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Member Research & Reports

Member Research & Reports

GW Study: More TV & Less Physical Activity Ramps up Risk of Walking Disability

Older people who watched more than five hours of TV per day and reported three or fewer hours per week of total physical activity had more than a three-fold higher risk of being unable to walk or having difficulty walking at the end of a study that ran for nearly a decade.

[Photo: Dr. Loretta DiPietro]

The new study, which assessed all types of sedentary behavior, as well as light, moderate, and vigorous physical activity, observed that prolonged sitting and TV watching was particularly harmful–especially when combined with low levels of total physical activity.

“TV viewing is a very potent risk factor for disability in older age,” says lead author of the study Dr. Loretta DiPietro, chair of the department of exercise and nutrition sciences at the George Washington University’s (GW) Milken Institute School of Public Health (Milken Institute SPH). “Sitting and watching TV for long periods (especially in the evening) has got to be one of the most dangerous things that older people can do because they are much more susceptible to the damages of physical inactivity.”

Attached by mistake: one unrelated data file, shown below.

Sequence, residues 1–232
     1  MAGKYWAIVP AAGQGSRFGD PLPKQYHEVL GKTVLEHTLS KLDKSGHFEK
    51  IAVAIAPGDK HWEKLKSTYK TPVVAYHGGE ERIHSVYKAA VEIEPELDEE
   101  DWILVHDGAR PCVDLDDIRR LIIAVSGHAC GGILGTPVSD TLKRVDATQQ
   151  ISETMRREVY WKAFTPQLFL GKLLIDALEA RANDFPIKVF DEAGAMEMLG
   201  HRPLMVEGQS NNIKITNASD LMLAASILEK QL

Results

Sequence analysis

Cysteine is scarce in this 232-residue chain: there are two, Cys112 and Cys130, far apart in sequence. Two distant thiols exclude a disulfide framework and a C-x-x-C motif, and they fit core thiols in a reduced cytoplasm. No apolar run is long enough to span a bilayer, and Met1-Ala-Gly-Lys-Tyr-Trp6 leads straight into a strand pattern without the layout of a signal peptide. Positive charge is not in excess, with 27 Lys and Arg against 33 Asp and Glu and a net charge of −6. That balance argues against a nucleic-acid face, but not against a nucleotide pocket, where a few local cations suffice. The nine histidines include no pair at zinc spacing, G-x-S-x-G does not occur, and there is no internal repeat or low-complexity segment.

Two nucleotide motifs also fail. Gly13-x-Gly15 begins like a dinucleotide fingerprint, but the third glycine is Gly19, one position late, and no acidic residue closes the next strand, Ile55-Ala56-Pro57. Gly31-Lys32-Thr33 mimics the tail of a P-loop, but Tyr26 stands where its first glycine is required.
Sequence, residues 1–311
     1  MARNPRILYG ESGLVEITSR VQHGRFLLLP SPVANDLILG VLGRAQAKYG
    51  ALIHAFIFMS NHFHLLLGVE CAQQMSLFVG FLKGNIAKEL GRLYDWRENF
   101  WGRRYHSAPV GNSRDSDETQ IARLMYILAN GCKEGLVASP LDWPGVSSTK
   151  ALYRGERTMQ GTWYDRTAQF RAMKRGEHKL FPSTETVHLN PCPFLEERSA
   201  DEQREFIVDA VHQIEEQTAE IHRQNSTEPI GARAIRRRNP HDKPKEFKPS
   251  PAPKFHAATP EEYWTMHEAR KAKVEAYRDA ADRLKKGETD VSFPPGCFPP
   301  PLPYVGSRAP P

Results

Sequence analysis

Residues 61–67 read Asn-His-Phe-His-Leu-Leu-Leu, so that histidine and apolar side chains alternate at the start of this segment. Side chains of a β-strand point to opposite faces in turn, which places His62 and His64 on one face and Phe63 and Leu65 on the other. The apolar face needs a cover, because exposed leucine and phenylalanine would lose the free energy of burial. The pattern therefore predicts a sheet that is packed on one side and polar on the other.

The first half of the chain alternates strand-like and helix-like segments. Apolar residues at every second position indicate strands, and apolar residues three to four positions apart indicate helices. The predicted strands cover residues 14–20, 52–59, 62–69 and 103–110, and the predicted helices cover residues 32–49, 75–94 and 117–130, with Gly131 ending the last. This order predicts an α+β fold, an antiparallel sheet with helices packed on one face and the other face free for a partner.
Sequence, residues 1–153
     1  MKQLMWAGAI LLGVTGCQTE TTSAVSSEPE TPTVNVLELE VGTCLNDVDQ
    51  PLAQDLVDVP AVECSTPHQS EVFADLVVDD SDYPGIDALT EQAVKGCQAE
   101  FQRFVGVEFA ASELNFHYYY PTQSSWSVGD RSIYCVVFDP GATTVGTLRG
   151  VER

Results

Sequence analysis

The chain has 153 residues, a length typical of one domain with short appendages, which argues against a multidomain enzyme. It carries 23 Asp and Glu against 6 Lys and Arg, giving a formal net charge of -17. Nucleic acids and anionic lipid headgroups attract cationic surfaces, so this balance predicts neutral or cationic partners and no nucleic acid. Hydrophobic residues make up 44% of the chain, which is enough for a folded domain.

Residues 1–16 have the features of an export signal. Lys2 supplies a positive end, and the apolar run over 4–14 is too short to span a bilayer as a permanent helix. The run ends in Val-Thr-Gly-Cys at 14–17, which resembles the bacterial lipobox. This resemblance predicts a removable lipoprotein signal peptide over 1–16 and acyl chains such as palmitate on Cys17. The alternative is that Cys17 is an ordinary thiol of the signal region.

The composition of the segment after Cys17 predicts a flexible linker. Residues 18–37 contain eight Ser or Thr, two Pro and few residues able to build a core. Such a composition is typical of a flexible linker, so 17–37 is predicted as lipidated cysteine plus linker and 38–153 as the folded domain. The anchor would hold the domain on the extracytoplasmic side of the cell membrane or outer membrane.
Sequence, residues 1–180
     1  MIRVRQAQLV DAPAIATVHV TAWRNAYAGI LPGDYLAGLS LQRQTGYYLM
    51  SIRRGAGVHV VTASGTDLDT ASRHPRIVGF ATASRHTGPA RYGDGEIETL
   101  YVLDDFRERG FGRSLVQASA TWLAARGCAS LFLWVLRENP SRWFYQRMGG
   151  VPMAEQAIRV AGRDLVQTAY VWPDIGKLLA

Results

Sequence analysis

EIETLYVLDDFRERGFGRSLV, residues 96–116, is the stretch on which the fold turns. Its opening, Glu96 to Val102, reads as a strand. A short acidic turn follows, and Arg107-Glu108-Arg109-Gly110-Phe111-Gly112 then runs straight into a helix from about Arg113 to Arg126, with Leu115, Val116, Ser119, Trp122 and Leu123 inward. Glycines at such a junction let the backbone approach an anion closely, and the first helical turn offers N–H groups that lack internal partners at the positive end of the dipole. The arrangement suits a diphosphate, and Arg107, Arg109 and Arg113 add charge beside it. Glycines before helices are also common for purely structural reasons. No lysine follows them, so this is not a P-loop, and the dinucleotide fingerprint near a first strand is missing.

DiPietro and her colleagues analyzed data from the National Institutes of Health (NIH) – American Association of Retired Persons (AARP) diet and health study, which kept track of men and women age 50 to 71 from six states and two metropolitan areas. All of the participants were healthy at the study’s start in 1995 – 1996. The researchers recorded how much the participants watched TV, exercised or did gardening, housework or other physical activity at the beginning of the investigation, and then followed participants for about 10 years.

At the end of the study, nearly 30 percent of the previously healthy participants reported a mobility disability–having difficulty walking or being unable to walk at all.

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